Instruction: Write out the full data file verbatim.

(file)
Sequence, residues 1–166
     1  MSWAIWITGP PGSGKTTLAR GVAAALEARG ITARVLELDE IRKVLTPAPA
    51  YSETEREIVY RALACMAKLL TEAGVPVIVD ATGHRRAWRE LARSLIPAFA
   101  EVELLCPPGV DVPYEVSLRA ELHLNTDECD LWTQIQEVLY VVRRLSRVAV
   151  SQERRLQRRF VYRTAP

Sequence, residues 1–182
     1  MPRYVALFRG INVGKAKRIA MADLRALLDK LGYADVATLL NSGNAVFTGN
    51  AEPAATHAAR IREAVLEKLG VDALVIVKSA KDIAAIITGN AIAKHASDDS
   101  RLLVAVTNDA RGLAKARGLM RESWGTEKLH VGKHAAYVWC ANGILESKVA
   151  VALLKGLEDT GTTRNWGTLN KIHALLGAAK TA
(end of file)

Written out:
Sequence, residues 1–166
     1  MSWAIWITGP PGSGKTTLAR GVAAALEARG ITARVLELDE IRKVLTPAPA
    51  YSETEREIVY RALACMAKLL TEAGVPVIVD ATGHRRAWRE LARSLIPAFA
   101  EVELLCPPGV DVPYEVSLRA ELHLNTDECD LWTQIQEVLY VVRRLSRVAV
   151  SQERRLQRRF VYRTAP

Sequence, residues 1–182
     1  MPRYVALFRG INVGKAKRIA MADLRALLDK LGYADVATLL NSGNAVFTGN
    51  AEPAATHAAR IREAVLEKLG VDALVIVKSA KDIAAIITGN AIAKHASDDS
   101  RLLVAVTNDA RGLAKARGLM RESWGTEKLH VGKHAAYVWC ANGILESKVA
   151  VALLKGLEDT GTTRNWGTLN KIHALLGAAK TA